“The company cannot meet demand.”
Apple spoke those magic words during its earnings call on Monday night. And the company wasn’t talking about just its revolutionary iPhone. The consuming public can’t seem to get enough iMacs and MacBooks either. Even during the worst recession since the Great Depression, Apple’s products are flying off the shelves.
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That’s why Cramer thinks the stock is headed to $300 a share, a big jump from his previous $264 price target.
Look, Apple controls just 3% of the world cell-phone market and 4% of percent of personal computers, yet Steve Jobs continues to push his firm past those industries’ biggest players: Dell , Microsoft , Nokia and Motorola . And the company’s still converting nonbelievers on the regular. The end result? A quarterly beat that was 50% higher than Wall Street’s expectations.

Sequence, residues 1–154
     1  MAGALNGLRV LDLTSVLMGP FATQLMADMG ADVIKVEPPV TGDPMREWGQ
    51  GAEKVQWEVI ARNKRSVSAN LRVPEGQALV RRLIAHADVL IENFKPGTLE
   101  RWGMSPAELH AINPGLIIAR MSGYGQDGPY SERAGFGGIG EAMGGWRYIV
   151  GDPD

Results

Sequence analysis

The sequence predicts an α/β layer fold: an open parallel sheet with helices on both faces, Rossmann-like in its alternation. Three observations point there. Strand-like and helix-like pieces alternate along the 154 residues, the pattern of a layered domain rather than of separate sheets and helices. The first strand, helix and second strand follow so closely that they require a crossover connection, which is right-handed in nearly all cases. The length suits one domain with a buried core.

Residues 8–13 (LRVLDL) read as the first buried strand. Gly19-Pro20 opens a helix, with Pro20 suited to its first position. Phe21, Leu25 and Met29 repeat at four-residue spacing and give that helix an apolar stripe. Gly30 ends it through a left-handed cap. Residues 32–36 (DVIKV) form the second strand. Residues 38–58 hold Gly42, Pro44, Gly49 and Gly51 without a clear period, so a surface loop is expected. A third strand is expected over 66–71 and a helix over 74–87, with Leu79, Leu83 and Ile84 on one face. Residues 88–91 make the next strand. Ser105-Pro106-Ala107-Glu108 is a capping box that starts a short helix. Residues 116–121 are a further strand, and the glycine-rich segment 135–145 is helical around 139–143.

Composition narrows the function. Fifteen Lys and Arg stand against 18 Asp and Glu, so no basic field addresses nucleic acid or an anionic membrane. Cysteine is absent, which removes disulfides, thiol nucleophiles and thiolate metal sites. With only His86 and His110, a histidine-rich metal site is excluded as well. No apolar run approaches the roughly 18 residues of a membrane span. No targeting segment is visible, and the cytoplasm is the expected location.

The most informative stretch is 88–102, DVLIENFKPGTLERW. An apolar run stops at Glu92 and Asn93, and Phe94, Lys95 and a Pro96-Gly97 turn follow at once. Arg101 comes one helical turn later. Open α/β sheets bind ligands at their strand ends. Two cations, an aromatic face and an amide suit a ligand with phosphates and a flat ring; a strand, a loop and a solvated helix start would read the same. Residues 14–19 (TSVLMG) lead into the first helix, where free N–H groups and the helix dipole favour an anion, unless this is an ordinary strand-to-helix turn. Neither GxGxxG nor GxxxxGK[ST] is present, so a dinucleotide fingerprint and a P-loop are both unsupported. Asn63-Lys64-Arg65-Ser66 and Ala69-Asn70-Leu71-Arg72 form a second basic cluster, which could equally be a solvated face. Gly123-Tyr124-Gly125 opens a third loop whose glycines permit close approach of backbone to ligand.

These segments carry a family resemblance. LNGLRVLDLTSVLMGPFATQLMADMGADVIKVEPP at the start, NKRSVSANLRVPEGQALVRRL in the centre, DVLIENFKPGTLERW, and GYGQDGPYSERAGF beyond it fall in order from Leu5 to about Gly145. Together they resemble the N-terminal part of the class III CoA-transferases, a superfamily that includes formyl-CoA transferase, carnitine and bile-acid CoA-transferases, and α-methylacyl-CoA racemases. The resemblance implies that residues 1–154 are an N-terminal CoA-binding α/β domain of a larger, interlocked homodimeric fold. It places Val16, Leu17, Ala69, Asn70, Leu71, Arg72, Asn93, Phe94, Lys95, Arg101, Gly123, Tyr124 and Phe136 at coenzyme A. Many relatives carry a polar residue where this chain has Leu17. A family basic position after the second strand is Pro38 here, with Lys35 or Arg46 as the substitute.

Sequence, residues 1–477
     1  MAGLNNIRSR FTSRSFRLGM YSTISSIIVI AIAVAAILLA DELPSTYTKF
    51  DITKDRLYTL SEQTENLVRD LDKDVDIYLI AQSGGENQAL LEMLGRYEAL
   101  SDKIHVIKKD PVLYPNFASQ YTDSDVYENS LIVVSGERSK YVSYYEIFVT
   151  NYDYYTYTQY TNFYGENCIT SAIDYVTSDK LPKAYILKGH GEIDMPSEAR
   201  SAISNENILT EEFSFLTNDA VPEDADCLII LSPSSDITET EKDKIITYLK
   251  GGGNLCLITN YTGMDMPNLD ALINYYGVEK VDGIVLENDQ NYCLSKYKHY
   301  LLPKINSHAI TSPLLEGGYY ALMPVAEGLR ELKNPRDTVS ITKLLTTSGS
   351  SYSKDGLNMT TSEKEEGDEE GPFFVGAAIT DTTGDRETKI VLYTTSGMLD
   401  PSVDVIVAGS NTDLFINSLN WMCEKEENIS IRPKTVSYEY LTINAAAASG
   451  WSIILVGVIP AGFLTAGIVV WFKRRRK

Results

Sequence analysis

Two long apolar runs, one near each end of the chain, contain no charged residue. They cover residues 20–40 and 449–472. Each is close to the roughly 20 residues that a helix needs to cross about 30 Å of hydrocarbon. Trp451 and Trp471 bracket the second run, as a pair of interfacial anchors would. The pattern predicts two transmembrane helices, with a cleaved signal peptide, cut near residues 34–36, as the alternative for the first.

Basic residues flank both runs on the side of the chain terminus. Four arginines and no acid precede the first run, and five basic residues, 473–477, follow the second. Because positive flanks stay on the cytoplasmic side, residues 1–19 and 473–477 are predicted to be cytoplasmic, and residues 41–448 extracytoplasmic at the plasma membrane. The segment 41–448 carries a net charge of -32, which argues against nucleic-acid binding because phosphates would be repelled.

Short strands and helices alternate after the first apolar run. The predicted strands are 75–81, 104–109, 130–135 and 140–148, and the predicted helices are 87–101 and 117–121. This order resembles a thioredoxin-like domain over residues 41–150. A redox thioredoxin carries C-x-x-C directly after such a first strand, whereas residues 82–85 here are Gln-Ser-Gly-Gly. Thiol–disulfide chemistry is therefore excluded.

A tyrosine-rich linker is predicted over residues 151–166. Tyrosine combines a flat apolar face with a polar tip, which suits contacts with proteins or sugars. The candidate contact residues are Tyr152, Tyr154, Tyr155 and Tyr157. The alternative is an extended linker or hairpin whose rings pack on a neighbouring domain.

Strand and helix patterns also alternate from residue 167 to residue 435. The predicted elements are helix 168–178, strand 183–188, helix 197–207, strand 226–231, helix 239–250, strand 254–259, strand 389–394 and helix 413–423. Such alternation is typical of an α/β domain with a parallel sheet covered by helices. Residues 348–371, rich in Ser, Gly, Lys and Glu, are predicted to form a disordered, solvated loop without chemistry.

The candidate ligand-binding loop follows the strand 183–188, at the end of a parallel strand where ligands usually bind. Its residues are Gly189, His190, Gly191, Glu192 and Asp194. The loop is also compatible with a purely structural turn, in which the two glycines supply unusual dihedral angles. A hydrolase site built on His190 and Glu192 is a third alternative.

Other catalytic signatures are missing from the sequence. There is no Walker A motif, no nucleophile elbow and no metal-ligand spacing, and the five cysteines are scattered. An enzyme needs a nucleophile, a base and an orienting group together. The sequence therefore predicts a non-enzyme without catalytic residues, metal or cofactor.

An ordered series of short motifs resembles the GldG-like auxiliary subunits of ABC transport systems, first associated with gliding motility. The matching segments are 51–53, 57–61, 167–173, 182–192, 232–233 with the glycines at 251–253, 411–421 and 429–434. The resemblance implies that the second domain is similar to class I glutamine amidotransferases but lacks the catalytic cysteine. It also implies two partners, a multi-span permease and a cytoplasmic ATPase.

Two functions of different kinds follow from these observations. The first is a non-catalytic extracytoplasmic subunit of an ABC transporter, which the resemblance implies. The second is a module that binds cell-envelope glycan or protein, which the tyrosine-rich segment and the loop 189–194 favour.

Cramer was so bullish on Apple that he predicted next fiscal year’s earnings would reach $13 a share, up from his earlier $12 call. As for the price target, he assumed money managers would be willing to pay one time the growth rate for a high-quality growth stock like this. The equation then would look like this: the growth rate, 30%, times $13 a share equals $390. Why $300, though?
“Because you would never believe me,” Cramer said, “so I lopped off 90 bucks to be more realistic.”
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